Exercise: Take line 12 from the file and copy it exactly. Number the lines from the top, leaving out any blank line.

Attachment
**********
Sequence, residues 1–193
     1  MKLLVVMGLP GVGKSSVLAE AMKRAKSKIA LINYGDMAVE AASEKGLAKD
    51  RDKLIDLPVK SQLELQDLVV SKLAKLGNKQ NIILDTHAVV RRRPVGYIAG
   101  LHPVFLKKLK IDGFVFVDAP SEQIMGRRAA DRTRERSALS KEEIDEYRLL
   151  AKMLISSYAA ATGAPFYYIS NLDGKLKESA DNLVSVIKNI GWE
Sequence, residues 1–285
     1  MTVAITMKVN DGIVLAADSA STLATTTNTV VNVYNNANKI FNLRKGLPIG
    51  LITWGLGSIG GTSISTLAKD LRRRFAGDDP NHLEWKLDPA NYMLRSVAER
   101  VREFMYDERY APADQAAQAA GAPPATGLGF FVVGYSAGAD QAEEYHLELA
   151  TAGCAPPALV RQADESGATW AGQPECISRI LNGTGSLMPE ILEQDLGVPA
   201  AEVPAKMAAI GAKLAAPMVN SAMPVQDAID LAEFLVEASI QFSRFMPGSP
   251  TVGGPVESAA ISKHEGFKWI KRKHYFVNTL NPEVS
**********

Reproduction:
   251  TVGGPVESAA ISKHEGFKWI KRKHYFVNTL NPEVS